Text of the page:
Electric air taxis aren’t quite a thing yet, but a host of well-funded startups want to change that. Chief among them is Joby Aviation, an electric aviation company based in Northern California that just posted a remarkable video of its six-rotor aircraft completing an impressive 150-mile flight.
Admittedly, it doesn’t sound too impressive, but it’s actually one of the longest flights ever performed by an electric plane. It’s equivalent to a trip between Seattle and Vancouver, or Los Angeles to San Diego — the kind of regional trip that’s operated hundreds of times a day by regional partners to major airlines. Exchanging those polluting planes for zero-emission planes like Joby’s could be a big step toward reducing CO2 emissions.
The company, which is backed by Toyota and recently acquired Uber’s flying taxi division, has said it plans to have a full air taxi service up and running, including regional rides, by 2024. The purpose of the 150-mile flight was to show how far the plane could fly on a single charge, allaying concerns about the vehicle’s range and battery. If you want to fly from New York City to Montauk, Joby wanted to show that it can get you there without running out of juice.
“We’ve accomplished something many thought was impossible with current battery technology,” Joby founder and CEO JoeBen Bevirt said in a statement. “With this, we have taken the first step towards making convenient, zero-emission air travel between places like San Francisco and Lake Tahoe, Houston and Austin, or Los Angeles and San Diego a daily reality.”
Instead of flying between two points, Joby’s plane flew in a 14-mile circle 11 times for a total flight time of one hour and 17 minutes. It’s an impressive achievement, given the challenges of electric flying. The power-to-weight ratio is one of the biggest inhibitors. Energy density – the amount of energy stored in a given system – is the most important measure, and today’s batteries don’t contain enough energy to get most planes off the ground. To weigh it up, jet fuel gives us about 43 times more energy than a battery of the same weight.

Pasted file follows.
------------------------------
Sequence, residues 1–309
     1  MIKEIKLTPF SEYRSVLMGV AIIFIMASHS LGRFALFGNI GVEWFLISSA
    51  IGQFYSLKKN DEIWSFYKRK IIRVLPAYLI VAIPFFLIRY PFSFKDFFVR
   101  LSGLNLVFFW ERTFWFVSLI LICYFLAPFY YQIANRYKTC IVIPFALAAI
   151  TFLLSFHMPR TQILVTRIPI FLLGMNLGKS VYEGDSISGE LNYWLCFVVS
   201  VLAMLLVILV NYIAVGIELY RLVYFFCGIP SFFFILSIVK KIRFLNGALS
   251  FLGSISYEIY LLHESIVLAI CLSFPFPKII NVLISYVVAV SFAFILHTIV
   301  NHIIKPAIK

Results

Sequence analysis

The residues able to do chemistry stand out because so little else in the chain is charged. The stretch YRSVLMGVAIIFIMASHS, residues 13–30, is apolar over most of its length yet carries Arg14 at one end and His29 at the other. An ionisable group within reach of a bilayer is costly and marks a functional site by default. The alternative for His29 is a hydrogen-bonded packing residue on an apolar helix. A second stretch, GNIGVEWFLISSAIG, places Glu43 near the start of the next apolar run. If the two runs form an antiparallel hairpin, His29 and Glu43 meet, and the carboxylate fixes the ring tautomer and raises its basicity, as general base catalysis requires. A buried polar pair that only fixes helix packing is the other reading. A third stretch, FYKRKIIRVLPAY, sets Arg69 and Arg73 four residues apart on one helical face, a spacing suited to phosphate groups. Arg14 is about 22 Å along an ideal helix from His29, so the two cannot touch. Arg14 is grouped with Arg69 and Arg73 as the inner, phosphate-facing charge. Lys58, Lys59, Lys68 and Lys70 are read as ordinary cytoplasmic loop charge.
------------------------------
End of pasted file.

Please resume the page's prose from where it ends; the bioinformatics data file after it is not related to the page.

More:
But Joby says his commercially available lithium-ion batteries are specially adapted for use in aerospace:
After internal testing, an 811 NMC cathode and a graphite anode cell were selected to find the optimal trade-off between the specific energy required to fly the aircraft 250 miles, the specific power to take off and land vertically, and the lifespan to sustain a provide affordable service. We’ve proven in the lab that this battery is capable of over 10,000 of our expected rated flight cycles.
The team developing Joby’s power system is led by Jon Wagner, head of powertrain and electronics, who previously led battery engineering at Tesla.
It helps that Joby starts small with a five-seat vehicle. Higher capacity aircraft will not come until the energy density in current batteries improves. But Joby has a financial buffer, because he just went public through a reverse merger with a special acquisition company, or SPAC. As part of the deal, Joby will receive $1.6 billion in cash, which it will use to continue tinkering and perfecting its technology.
The question is: will it be enough to take the company to 2024?